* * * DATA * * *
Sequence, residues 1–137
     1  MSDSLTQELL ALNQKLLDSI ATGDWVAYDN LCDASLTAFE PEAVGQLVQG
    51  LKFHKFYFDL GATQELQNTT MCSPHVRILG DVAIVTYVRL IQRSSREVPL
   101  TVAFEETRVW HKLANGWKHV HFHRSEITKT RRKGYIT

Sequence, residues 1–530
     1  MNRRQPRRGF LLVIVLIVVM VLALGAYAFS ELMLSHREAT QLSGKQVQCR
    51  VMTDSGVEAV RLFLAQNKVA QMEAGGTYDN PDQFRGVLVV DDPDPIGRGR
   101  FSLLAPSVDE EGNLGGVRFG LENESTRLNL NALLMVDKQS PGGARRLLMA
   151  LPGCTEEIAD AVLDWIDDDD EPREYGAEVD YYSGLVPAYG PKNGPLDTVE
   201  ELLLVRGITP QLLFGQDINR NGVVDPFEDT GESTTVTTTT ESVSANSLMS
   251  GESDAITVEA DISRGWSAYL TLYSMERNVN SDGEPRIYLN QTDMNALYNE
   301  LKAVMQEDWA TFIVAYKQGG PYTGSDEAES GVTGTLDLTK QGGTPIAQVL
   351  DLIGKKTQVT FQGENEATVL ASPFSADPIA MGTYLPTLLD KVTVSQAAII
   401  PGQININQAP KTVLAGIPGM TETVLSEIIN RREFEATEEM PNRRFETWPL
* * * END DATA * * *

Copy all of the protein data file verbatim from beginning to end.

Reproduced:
Sequence, residues 1–137
     1  MSDSLTQELL ALNQKLLDSI ATGDWVAYDN LCDASLTAFE PEAVGQLVQG
    51  LKFHKFYFDL GATQELQNTT MCSPHVRILG DVAIVTYVRL IQRSSREVPL
   101  TVAFEETRVW HKLANGWKHV HFHRSEITKT RRKGYIT

Sequence, residues 1–530
     1  MNRRQPRRGF LLVIVLIVVM VLALGAYAFS ELMLSHREAT QLSGKQVQCR
    51  VMTDSGVEAV RLFLAQNKVA QMEAGGTYDN PDQFRGVLVV DDPDPIGRGR
   101  FSLLAPSVDE EGNLGGVRFG LENESTRLNL NALLMVDKQS PGGARRLLMA
   151  LPGCTEEIAD AVLDWIDDDD EPREYGAEVD YYSGLVPAYG PKNGPLDTVE
   201  ELLLVRGITP QLLFGQDINR NGVVDPFEDT GESTTVTTTT ESVSANSLMS
   251  GESDAITVEA DISRGWSAYL TLYSMERNVN SDGEPRIYLN QTDMNALYNE
   301  LKAVMQEDWA TFIVAYKQGG PYTGSDEAES GVTGTLDLTK QGGTPIAQVL
   351  DLIGKKTQVT FQGENEATVL ASPFSADPIA MGTYLPTLLD KVTVSQAAII
   401  PGQININQAP KTVLAGIPGM TETVLSEIIN RREFEATEEM PNRRFETWPL